Optimal trait scoring for age estimation

Lyle W Konigsberg, Susan R. Frankenberg, Helen M. Liversidge

Research output: Contribution to journalArticlepeer-review


Objectives Little attention has been paid to questions about the applicability of parametric models to age estimation data and the related problem of how to adjust trait scoring in light of potential deviations from particular parametric models. This article addresses this deficit. Methods A Lagrange multiplier goodness-of-fit test is applied to two datasets to address the question of whether or not attainment ages for stages are log-normally distributed. The first dataset used in this article consists of scores of the Todd ten-phase system for the pubic symphysis obtained from 938 individuals with known ages. The second dataset consists of scores for 15 stages of formation for the second mandibular molar scored in 2,304 individuals of known age. Results For the Todd ten-phase system there is a significant departure from log-normally distributed ages of attainment. To obtain an acceptable goodness-of-fit statistic, Todd scores consequently are collapsed into an eight-phase system that maintains scores I through VII as individual scores but combines phases VIII through X into one phase. The 15-stage scoring system for the second mandibular molar has an acceptable fit to the log-normal distribution for ages of attainment. Conclusions The results from the analysis of the Todd pubic symphysis scores show that researchers should use goodness-of-fit tests for parametric models before deciding to collapse scores. Further, such goodness-of-fit tests are an essential tool in answering questions concerning the suitability of various parametric models. For the 15-stage scoring of the second mandibular molar, the log-normal model is appropriate for attainment ages.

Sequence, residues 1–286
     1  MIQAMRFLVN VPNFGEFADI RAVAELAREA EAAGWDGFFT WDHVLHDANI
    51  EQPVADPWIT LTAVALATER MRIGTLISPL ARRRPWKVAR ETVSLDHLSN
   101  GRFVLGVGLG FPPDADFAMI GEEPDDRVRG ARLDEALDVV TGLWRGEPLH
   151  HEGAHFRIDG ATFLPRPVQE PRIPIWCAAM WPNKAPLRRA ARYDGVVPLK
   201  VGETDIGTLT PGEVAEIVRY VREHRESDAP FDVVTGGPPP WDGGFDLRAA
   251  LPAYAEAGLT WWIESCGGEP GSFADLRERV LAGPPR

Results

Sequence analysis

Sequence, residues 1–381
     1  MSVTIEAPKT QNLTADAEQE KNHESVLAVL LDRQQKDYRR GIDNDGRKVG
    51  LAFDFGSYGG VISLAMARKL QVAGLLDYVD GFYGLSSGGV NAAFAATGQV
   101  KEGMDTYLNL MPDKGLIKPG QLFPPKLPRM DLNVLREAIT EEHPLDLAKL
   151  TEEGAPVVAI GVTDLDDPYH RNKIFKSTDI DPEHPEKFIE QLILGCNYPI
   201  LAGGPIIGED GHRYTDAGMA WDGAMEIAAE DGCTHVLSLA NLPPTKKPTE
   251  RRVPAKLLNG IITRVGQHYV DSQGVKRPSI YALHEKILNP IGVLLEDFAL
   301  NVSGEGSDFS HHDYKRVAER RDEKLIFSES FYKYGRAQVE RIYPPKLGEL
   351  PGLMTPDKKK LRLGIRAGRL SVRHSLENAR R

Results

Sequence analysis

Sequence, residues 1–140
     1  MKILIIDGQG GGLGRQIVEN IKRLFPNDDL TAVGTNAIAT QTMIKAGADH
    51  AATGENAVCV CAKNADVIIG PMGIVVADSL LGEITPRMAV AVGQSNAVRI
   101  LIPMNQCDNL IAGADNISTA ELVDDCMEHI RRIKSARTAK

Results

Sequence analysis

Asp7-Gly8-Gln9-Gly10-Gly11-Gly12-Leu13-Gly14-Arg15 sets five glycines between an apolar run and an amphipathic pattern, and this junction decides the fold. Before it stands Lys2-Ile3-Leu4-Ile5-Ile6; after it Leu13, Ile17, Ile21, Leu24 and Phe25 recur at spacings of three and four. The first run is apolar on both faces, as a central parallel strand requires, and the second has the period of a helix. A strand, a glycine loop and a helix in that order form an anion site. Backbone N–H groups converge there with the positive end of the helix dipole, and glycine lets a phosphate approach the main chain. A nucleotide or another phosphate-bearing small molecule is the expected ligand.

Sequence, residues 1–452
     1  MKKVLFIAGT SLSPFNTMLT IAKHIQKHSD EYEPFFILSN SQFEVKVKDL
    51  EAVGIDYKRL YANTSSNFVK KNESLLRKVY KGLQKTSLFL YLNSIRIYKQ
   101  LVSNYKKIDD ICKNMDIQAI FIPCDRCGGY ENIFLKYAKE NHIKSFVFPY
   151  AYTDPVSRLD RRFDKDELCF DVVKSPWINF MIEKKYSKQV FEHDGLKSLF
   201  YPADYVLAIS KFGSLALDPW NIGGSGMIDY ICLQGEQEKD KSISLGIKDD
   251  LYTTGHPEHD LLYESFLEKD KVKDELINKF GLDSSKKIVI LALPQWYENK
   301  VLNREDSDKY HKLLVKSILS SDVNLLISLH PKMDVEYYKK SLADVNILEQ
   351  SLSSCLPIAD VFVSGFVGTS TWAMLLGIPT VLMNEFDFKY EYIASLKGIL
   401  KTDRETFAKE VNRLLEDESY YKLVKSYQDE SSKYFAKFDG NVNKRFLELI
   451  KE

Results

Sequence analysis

Original languageEnglish (US)
Pages (from-to)557-576
Number of pages20
JournalAmerican journal of physical anthropology
Issue number4
StatePublished - Apr 1 2016


  • Lagrange multiplier test
  • cumulative probit analysis
  • dental formation
  • pubic symphysis

ASJC Scopus subject areas

  • Anatomy
  • Anthropology


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